So three parties in two weeks. A very special first birthday, a retelling a family’s favourite story and a risky concept in a restaurant. Each had its challenges but they were a lot of fun and now the parties are over I want to do them all over again.

If you know somebody celebrating a birthday or are looking for party entertainment at affordable rates contact me to discuss how a storyteller can help deliver a unique and memorable event.

Look at the picture.  What can you see?

This is the makings of a sensory story.  Using the things you see I told the story of the Prophet Yusuf (some may know it as the story of Joseph) in a 20 minute Religious Education session.  In each session I offered a simple narrative, stopping periodically to share these items through touch, sight, hearing, smell and taste and hopefully enhance the participants experience of the story.  Let me talk you around the table.

1. Spices (green bowl) – at the beginning of the session I placed the story and set the scene by playing some Arabic music and encouraging the participants to smell some Arabian spices to get a sense of a Middle Eastern market.

2. Wool (pink bowl) – Yacub and his sons are shepherds.  I was keen for the participants to have the opportunity to touch sheep’s wool.

3. Stretchy sheet and plastic flashing balls – Yusuf has a dream in which the sun, the moon and eleven stars all bowed down to him.  I got some stretchy sparkly material (the sky) and encouraged the participants to gently bounce the flashing balls (the sun, moon and stars) on the cloth.

4. Water pistol – Yusuf’s brothers throw home into a well – it was enough of an excuse to spray the participants with water!

5. Cloth – the brothers then return home with Yusuf’s bloodied shirt and tell their father his favourite son is dead.  In reality this is an old towel with red paint on it.  It looks and feels pretty disgusting and got some great reactions from the participants.

6. Chunky chain – In time Yusuf is thrown into prison.  The chunky chain is heavy, cold and makes a great noise when you rattle it.

7. Grape juice – in prison the cupholder dreams of giving Pharoah wine. As this session was in a school we offered the participants grape juice.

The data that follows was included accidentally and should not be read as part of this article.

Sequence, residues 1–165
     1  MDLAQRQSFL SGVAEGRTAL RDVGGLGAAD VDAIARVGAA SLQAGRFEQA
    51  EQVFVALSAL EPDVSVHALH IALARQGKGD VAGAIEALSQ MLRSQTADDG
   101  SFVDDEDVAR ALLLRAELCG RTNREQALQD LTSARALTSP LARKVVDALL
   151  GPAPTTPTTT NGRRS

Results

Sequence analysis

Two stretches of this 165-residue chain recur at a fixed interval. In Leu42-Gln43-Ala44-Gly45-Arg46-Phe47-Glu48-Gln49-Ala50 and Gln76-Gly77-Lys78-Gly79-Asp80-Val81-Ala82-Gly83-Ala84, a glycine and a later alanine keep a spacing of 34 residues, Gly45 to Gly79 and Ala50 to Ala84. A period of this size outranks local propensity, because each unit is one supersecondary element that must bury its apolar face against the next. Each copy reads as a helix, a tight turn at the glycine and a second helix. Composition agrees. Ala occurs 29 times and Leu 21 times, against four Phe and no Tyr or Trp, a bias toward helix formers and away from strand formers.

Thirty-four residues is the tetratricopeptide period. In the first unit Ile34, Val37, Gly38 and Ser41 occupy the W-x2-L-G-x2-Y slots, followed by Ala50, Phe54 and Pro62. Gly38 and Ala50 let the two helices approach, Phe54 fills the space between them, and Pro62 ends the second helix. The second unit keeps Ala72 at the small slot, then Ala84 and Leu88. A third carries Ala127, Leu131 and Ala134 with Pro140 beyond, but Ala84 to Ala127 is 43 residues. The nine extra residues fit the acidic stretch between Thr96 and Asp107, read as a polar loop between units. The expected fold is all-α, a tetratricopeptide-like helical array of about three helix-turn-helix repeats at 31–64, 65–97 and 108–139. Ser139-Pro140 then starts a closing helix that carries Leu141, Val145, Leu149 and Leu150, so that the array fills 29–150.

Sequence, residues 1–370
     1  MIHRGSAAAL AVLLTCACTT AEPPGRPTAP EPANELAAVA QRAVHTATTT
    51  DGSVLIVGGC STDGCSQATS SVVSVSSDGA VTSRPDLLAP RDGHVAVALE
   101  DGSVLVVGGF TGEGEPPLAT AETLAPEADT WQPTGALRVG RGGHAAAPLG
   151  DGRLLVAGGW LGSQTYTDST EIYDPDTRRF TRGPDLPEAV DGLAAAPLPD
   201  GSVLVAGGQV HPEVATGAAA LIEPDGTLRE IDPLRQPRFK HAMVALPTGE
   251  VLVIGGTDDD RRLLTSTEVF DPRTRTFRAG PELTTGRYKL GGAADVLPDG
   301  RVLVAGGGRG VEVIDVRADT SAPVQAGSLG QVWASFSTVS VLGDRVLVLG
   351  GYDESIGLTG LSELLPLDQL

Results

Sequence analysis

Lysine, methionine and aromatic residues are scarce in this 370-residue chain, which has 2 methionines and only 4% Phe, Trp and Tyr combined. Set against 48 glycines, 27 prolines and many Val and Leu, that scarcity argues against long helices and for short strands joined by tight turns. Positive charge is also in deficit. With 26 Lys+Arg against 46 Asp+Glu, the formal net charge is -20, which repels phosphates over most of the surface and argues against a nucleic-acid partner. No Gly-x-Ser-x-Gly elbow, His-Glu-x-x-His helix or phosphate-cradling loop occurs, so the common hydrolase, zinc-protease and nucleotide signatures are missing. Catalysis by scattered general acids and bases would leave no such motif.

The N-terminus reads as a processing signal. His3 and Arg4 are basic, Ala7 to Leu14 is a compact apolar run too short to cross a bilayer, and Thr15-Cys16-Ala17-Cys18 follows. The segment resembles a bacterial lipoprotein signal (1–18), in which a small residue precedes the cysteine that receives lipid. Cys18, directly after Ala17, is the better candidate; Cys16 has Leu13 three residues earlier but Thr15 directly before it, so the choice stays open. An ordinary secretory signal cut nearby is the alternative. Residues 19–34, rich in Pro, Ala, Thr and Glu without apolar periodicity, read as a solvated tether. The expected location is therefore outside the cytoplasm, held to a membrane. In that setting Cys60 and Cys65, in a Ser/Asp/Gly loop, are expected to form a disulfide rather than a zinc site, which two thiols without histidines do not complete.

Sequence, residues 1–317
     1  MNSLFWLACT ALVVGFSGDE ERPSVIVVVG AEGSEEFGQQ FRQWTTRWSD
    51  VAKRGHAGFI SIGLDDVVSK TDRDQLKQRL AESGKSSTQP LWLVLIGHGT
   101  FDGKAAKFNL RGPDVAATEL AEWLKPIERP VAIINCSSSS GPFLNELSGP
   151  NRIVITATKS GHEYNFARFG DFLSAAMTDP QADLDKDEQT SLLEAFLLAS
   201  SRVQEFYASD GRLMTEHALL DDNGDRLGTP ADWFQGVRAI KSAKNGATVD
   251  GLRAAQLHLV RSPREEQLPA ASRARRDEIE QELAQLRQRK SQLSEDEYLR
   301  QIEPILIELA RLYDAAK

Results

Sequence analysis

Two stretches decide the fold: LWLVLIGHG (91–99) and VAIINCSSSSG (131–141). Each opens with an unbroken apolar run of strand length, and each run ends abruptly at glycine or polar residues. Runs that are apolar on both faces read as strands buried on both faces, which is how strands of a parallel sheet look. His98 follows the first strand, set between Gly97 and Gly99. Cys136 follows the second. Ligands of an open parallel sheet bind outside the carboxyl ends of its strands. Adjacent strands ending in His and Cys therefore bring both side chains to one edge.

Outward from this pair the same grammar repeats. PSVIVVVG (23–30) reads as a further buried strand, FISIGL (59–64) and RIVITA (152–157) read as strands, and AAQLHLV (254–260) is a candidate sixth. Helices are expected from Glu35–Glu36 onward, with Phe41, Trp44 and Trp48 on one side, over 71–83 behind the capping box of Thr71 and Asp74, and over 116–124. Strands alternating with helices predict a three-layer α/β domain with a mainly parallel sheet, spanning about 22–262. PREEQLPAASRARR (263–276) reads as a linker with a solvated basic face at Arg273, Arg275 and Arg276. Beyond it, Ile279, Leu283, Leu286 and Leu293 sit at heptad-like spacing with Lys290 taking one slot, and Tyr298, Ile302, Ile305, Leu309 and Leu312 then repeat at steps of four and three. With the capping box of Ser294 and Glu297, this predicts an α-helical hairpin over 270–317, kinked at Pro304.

8. Bread – in prison the baker dreams that birds steal bread from his basket.  These loaves had a  wonderful aroma and contrasting textures.

9. Cow mask – Pharoah dreams of 7 fats cows being eaten by 7 thin ones.  This mask has a sound effect embedded in the nose.

10. Split peas (yellow bowl) – Yusuf’s brothers come to Egypt to ask for food.  The participants could run their fingers through the split peas (grain).

I hoped that this range of objects offered a real range of sensory experiences.  Touch and sight are the easiest to fulfill with taste and smell in my opinion the hardest.  I’m a little bit nervous about allergies and if I was leading the session alone the logistics of offering a taste of grape juice would bring the story to a grinding halt.

Sensory storytelling is perhaps my biggest challenge.  They require a completely different discipline to my regular repertoire.  I am definitely on learning curve and although I’m becoming more confident sadly I get very few opportunities to lead these sessions.  This is a shame because the inclusive and accessible nature of sensory storytelling would mean they could work with anybody.  I devised this story with a mixed group of young people in mind; some with visual impairment, some with hearing loss, some with physical and learning needs and I was really encouraged by the way they responded to the sessions.  I hope that they begin to appear more regularly in my schedule in museums, libraries and primary schools.

Postcard from Belton’s Big Book Festival and Loogabarooga 2018